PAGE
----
When we get together with old friends, we travel through time. Our middle aged bodies may be planted in our chairs, but our hearts and minds flow easily between the recent and distant past. We move through the old neighborhoods, jumping from year to year with ease. We are together in our memories just as we were on the actual days.

For a time, we are young again, carefree again. We are skipping, riding bikes, dancing again. We are once again risk takers, together in precarious and dangerous situations; pranksters, playing outrageous jokes on each other; confidantes, whispering our deepest darkest secrets; dreamers, sharing our hopes and schemes.

The last time I saw Joel, a bunch of years ago, it was just like that. We were immediately 16 again. Telling tales, reliving moments, questioning our judgment, and laughing too loudly.

When I read on Facebook that Joel had died, my very first instinct was to call Brian. But Brian died 40 days ago. So he wasn’t there to call. And now, the stories that he and I shared that had Joel in them, are only mine. Our shared history, is gone. It’s only in my head now.

Perhaps the hardest part, for me, of losing Brian, was that when he died, his memory died along with him. His memories are all gone. And I was in so many of them. Half of our common experiences are gone forever.

2020 has been a year of great loss for so many of us. Another friend wrote ‘Little parts of my childhood have gone missing over and over this year.’ She said what I’ve been feeling. With Joel’s passing, with the passing of his memories, a chunk of my teenage years has gone missing. With Brian’s passing, a huge chunk of shared history has gone missing. Chunks of me. Missing.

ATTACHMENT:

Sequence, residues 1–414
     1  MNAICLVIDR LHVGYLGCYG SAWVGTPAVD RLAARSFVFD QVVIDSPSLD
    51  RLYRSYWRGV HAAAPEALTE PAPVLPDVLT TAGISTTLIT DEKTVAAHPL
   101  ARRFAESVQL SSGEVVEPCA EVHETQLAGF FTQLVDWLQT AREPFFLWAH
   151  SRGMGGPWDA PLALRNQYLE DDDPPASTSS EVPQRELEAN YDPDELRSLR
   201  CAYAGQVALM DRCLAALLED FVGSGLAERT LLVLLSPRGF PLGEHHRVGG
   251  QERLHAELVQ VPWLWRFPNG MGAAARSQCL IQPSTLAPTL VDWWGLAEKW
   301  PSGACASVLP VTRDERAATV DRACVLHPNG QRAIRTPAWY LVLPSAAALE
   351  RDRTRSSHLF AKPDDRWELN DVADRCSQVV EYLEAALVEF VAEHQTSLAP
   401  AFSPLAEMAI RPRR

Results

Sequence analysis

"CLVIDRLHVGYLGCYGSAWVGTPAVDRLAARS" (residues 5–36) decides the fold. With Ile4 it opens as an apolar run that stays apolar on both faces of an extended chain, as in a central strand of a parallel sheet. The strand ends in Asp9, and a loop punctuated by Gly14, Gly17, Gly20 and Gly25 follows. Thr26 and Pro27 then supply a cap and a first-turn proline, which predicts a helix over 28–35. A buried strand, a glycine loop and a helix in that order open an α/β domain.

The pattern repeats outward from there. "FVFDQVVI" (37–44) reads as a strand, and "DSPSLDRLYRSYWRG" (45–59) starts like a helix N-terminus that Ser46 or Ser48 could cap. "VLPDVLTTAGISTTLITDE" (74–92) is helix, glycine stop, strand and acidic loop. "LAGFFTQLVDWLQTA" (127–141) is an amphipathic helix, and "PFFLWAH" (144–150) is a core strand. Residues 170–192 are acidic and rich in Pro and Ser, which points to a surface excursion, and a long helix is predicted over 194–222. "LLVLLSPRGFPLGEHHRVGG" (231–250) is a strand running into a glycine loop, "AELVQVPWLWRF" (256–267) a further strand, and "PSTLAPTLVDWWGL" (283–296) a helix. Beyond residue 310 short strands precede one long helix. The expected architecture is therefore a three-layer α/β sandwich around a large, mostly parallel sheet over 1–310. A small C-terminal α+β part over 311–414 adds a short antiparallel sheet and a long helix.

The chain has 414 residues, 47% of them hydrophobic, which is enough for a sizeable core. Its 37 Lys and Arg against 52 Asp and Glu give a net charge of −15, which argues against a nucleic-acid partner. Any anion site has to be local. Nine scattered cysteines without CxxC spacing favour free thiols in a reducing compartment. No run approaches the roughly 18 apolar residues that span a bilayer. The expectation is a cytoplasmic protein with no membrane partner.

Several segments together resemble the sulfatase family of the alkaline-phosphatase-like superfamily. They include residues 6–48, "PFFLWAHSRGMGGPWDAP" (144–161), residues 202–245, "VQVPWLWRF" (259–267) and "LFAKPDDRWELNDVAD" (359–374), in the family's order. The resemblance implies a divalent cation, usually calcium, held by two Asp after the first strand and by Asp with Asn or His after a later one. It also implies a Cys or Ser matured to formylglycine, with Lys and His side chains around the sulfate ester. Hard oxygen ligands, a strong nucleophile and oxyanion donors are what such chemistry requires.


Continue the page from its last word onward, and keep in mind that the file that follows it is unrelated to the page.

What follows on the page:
Slowly, bit by bit, my fellow time travelers are disappearing.

Everyone I knew in the past will die. The keepers of my stories, and holders of my secrets will pass on. Some day, I may end up like my father-in-law Charlie was at 98. A man with a head full of memories that no one else shared. Memories that he packed up and took with him when he traveled on in April.

And if my life is over sooner, I will travel on with my suitcase half full of other people’s memories.

A little piece of my teenage years went missing yesterday when I read about Joel’s passing. Giant pieces of my life have gone missing in the past few months. Some day, I will go missing too.


Godspeed, brothers. ❤️


  1. We choose our loss (so far). Yours are not chosen. Lots of mourning for you this year.

    We avoid most other people because of the memories they stir in us. Quick path to Shame. We are anchored feet in a clear, sandy-bottomed lake. Eventually, we will choose to move due to cramping, boredom, desperation. Then we hold our breath until it all settles and we can see our feet again, rooted in place at lake bottom.

    We still have a few friends we will move feet for

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